Work starts on key German wind power energy line
Construction work has started on the long-delayed 700-kilometer (430-mile) power line that will transfer wind-generated electricity from northern to southern Germany, the economy ministry said Monday, pushed by an energy crisis.
The underground line, SuedLink, is vital for the energy transition as northern Germany has more wind farms than the south, where officials have faced criticism for dragging their feet on building turbines.
In fact, the power line had been due to begin operation in 2022, but works had been held up because of strong opposition from the south, particularly in Bavaria.
An energy crisis sparked by Russia's war on Ukraine had finally forced southern states to relent.
Construction of the 10-billion-euro ($10.7 billion) project will finally begin with work on a tunnel under the River Elbe, in the northernmost state of Schleswig-Holstein, the ministry said in a statement.
The line will transfer power to the affluent, energy-hungry southern states of Bavaria and Baden-Wuerttemberg.
Scheduled for completion in 2028, the line will have a total transmission capacity of four gigawatts—enough power for about 10 million households.
"With the SuedLink, southern Germany will in future be able to benefit from the large quantity of wind power generated in the north," said Economy Minister Robert Habeck.
"This will strengthen (energy security) in Germany, and also neighboring countries."
Habeck, of the ecologist Green party, added the start of construction was "good news" for the energy transition.
In addition, a major power cable running between northern Germany and Denmark to the north was nearing completion, and is scheduled to be finished next year, the ministry said.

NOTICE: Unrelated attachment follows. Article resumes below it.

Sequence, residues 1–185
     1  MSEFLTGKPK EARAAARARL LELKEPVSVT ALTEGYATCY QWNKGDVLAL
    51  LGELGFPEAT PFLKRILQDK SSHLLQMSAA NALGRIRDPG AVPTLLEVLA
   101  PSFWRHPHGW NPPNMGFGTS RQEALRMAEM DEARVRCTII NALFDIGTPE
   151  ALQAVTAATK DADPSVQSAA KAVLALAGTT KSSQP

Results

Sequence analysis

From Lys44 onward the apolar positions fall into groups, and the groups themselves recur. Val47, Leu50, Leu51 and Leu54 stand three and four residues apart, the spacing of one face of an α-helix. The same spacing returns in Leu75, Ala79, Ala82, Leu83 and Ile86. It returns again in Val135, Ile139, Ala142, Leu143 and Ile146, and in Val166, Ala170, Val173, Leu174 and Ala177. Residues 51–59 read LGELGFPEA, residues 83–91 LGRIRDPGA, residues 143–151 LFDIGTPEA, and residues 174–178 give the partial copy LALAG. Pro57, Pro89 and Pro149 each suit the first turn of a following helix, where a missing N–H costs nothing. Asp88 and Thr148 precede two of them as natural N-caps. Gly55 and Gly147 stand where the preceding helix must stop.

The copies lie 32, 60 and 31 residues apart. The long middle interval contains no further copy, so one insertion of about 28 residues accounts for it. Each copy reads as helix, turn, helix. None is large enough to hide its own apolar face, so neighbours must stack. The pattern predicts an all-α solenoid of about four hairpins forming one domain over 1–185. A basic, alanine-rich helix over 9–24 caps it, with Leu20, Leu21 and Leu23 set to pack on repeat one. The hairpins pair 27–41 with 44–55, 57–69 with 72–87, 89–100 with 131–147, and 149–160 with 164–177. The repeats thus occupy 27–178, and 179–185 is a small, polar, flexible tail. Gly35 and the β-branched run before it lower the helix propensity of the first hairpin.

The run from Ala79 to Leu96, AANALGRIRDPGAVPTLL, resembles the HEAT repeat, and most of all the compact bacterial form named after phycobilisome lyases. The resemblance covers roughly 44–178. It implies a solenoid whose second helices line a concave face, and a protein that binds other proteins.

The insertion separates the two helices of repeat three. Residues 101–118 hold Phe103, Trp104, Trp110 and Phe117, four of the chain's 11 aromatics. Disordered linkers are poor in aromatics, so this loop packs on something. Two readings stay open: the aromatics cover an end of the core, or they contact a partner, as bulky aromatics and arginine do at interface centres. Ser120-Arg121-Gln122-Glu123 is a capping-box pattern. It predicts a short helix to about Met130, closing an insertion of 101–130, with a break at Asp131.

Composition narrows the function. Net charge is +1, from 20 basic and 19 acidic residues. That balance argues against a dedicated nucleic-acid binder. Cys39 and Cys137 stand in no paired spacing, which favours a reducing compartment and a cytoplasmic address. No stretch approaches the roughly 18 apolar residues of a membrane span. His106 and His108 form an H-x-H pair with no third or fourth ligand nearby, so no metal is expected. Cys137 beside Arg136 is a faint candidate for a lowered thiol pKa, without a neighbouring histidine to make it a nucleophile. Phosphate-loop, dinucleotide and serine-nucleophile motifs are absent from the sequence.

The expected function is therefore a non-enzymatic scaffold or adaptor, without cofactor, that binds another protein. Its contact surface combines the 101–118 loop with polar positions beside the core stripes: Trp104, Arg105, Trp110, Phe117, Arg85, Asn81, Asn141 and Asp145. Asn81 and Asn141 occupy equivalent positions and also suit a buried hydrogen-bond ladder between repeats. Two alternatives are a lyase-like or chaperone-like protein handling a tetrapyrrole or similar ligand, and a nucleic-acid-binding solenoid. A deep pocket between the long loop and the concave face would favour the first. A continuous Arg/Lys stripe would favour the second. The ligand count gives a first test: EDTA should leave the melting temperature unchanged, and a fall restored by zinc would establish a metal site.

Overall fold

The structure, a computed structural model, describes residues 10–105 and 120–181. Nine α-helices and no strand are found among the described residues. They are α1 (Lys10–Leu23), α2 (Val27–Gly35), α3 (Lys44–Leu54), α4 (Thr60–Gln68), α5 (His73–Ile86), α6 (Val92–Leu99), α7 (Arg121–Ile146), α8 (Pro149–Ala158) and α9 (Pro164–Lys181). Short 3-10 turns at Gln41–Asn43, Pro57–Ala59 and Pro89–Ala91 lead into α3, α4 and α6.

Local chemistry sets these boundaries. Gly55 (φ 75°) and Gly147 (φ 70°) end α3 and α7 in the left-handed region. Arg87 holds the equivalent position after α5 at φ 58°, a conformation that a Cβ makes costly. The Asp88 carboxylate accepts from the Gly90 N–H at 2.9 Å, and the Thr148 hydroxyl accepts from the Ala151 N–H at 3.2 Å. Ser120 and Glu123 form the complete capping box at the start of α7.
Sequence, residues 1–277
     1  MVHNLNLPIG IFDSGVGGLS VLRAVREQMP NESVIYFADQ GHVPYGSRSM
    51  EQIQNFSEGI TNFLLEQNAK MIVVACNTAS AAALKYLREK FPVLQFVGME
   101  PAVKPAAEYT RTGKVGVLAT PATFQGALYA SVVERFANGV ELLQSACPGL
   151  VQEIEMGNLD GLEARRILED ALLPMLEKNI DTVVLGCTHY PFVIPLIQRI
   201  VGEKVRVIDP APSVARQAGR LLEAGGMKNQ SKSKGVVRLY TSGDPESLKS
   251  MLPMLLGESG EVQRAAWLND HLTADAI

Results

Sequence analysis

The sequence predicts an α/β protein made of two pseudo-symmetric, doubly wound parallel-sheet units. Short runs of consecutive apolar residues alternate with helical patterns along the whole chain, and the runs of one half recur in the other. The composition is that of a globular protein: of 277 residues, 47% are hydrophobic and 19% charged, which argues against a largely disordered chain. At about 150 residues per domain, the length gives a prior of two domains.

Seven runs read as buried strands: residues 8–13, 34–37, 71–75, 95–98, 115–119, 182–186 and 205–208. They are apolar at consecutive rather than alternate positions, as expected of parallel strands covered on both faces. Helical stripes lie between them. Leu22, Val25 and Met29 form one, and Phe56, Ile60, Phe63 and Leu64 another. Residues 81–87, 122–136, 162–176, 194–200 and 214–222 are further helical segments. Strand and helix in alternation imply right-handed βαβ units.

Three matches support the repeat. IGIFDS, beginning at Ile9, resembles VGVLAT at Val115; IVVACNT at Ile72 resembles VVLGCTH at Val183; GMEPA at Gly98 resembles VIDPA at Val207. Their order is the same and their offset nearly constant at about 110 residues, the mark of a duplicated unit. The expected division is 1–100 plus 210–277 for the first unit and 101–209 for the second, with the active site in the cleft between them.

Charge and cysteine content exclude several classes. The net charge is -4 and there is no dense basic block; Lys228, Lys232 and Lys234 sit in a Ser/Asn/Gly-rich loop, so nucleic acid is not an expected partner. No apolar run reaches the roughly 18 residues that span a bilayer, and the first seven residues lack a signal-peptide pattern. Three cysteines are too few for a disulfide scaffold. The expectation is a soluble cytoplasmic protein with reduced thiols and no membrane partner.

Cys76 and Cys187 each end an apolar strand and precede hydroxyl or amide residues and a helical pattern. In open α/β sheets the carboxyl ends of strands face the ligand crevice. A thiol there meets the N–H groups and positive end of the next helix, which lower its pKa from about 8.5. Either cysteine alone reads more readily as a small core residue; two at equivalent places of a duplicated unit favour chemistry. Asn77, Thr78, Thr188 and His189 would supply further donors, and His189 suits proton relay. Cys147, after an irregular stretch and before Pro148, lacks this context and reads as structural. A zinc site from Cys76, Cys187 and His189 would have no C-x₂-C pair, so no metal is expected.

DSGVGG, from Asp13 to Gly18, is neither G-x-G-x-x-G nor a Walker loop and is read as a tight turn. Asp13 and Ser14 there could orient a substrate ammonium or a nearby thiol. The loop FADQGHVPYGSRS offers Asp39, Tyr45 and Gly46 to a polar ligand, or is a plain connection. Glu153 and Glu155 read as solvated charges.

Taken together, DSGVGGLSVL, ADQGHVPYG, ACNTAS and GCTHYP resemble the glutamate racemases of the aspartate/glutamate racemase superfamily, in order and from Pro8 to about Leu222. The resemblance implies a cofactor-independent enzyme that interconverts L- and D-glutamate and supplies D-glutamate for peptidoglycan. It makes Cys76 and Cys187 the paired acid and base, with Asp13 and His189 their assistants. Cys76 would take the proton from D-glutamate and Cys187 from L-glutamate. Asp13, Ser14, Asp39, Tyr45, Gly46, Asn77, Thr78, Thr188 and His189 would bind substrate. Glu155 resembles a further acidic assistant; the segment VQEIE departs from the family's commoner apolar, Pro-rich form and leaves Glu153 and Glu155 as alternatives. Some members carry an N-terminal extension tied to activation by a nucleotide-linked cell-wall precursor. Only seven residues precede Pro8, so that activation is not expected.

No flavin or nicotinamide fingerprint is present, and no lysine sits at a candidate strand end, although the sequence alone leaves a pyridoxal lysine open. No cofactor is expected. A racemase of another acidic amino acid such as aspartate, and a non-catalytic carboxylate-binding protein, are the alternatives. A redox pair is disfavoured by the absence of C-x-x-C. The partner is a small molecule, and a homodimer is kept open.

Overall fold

This line will improve the transfer of electricity from regions of Denmark that produce wind power, and strengthen the European grid, it said.
As part of efforts to fight climate change, Europe's biggest economy is aiming to become carbon neutral by 2045, and has pledged to produce 80 percent of its electricity from renewable sources by 2030.
Germany is in dire need of extra sources of power—it recently shut down its last nuclear plant and plans to close its final coal-fired power stations in the coming years.
But a study by the German Wind Energy Association released in July showed that, while the country had made progress in expanding onshore wind power capacity, more work is needed to meet key targets.
There has been political resistance to turbines from local communities concerned they could be a blight on the landscape, particularly in southern Germany, meaning far more permits have been issued in the north.
© 2023 AFP